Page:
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Curry leaves

Curry leaves
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Curry Leaf

Curry tree is a tropical to sub-tropical tree in the family Rutaceae, which is native to India and Sri Lanka.

Its leaves are used in many dishes in India and neighbouring countries. Often used in curries, the leaves generally called by the name "curry leaves", though they are also translated as "sweet neem leaves" in most Indian languages.

It is a small tree, growing 4–6 m tall, with a trunk up to 40 cm diameter. The leaves are pinnate, with 11-21 leaflets, each leaflet 2–4 cm long and 1–2 cm broad. They are highly aromatic. The flowers are small, white, and fragrant. The small black shiny berries are edible, but their seeds are poisonous.

Culinary Uses

1.  They are primarily used in Indian cuisine to temper recipes. Use torn curry leaves or whole as a tempering agent for dals, rasams, sambhar, chutneys, dhoklas, vegetable dishes, curries, buttermilk, pickles, curry leaf rice, etc.

2. Use chopped curry leaves along with green chillies and ginger to flavour upmas

3. Dry roast curry leaves and combine with dried red chillies, asafoetida and urad dal to make spicy chutneys and powders , Idli Podi, which should be had with sesame oil and steamed rice.

4. They are usually fried in clarified butter or vegetable oil along with chopped onion before adding the main ingredients. It can give a unique flavor and aroma to any dish.


The nutrients found in curry leaves, per 100 g, include 60 g of moisture, 6 g of protein, 1 g of fat, 16 g of carbohydrate, 6 g of dietary fiber, and 4 g of minerals such as calcium, phosphorus, iron, nicotinic acid, vitamin A and vitamin C.

The biochemicals found in Curry leaves include caryophyllene, cadinene, cadinol, Sabinene, pinene, phellandrene, terpinene, lauric acid, palmitic acid, carbazole alkaloids, bornyl acetate, humulene, ocimene and bisabolene, etc.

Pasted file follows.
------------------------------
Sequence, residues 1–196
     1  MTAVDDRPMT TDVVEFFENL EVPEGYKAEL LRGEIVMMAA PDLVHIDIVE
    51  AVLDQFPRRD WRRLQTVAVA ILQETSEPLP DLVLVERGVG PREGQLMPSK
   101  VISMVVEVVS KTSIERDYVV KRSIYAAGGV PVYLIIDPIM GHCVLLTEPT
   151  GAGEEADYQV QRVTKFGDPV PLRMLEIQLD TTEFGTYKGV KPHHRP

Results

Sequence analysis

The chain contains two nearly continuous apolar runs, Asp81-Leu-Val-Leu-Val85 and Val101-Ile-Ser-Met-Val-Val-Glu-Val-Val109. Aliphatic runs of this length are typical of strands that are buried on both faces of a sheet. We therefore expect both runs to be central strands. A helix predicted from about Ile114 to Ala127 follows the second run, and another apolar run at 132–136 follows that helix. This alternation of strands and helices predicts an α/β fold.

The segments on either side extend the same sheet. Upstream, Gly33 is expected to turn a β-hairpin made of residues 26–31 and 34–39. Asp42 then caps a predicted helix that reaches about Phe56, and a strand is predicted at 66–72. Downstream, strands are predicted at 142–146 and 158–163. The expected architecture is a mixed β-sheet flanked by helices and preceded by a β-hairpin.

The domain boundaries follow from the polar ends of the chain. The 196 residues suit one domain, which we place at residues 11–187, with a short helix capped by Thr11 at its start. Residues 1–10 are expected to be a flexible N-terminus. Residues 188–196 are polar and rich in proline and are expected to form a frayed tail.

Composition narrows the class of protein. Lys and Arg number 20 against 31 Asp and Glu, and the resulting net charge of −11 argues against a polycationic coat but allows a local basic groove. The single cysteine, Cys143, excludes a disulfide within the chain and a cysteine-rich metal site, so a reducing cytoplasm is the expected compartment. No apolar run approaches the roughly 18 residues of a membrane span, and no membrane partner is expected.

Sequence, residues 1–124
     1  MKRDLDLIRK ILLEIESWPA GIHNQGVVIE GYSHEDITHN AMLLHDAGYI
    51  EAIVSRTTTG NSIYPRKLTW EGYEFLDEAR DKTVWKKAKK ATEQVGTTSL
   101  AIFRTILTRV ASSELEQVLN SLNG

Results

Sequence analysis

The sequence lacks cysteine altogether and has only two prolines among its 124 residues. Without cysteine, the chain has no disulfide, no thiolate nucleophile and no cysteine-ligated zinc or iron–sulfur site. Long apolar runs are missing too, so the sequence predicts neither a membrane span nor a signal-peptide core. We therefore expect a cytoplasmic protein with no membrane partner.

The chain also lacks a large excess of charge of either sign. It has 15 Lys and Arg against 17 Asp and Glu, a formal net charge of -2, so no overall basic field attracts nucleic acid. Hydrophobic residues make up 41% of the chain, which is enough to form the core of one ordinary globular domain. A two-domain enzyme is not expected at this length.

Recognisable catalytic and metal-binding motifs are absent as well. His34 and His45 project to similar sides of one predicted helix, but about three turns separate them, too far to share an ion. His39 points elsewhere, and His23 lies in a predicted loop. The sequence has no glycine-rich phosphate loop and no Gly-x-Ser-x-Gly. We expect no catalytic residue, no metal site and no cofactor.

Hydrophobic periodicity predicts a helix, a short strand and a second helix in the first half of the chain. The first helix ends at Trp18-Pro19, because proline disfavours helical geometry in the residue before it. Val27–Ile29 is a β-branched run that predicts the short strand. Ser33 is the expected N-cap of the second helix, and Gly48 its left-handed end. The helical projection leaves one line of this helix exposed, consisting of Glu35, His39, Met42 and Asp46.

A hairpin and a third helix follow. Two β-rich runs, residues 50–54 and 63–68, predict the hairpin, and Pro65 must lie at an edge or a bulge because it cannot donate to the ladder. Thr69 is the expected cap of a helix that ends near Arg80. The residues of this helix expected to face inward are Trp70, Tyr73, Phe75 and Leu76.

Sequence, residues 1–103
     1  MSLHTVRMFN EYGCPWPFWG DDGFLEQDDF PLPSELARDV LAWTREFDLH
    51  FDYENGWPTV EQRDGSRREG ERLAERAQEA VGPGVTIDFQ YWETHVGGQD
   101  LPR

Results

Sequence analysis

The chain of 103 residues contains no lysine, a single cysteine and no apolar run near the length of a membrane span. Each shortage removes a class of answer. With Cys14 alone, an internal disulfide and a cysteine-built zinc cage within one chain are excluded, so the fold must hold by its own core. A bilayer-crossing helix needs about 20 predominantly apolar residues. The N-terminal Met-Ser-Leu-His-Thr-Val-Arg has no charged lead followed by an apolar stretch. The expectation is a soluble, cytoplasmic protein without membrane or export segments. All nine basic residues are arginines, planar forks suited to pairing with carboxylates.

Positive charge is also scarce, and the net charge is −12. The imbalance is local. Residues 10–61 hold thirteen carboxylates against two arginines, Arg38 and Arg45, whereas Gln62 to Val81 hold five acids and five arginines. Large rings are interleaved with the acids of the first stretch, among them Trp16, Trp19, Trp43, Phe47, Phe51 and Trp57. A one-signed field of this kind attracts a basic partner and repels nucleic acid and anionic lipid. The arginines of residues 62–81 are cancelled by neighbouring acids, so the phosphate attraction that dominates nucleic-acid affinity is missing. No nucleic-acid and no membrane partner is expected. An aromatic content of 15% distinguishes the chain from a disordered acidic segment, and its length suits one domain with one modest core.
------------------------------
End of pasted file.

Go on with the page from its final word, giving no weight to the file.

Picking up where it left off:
Health Benefits of Curry Leaf

Diarrhoea: The carbazole alkaloids present in curry leaves play an important role in controlling diarrhoea. For this purpose, curry leaves can be taken either as juice or as a freshly ground paste.

Protects gastrointestinal tract: The presence of antioxidants, vitamins and alkaloids in curry leaves helps in promoting health of digestive system.

Controls diabetes: The number of people suffering from diabetes has increased in India in the recent years. Diabetes is not just a standalone disease and it affects many organs. So, there is a need to control diabetes. Studies on curry leaves have shown that they can help in controlling the blood glucose levels.

Cholesterol control: The antioxidants present in curry leaves help in controlling the LDL or bad cholesterol and aid in increasing the HDL or good cholesterol levels.

Better eyesight: Curry leaves are a good source of vitamin A and it is one of the most important components for maintaining good eyesight. Taking fresh curry leaves on a daily basis promotes good eyesight.

Reduces chemo and radio side effects: The incidence of number of cancer patients has increased in India in the recent times. Though, there are effective treatments available to reduce cancer, the side effects of the treatments such as chemotherapy and radiation therapy can also be troublesome. Research on the extracts of curry leaves has shown a reduction in the side effects of both chemotherapy and radiation therapy.

Protection of liver: The process of metabolism releases several free radicals which can damage the organs, and liver is one of the very susceptible organs. Taking curry leaves on a regular basis can nullify the effects of free radicals.

Read More at Wikipedia.
Recipes using Curry leaves click Here and Here.
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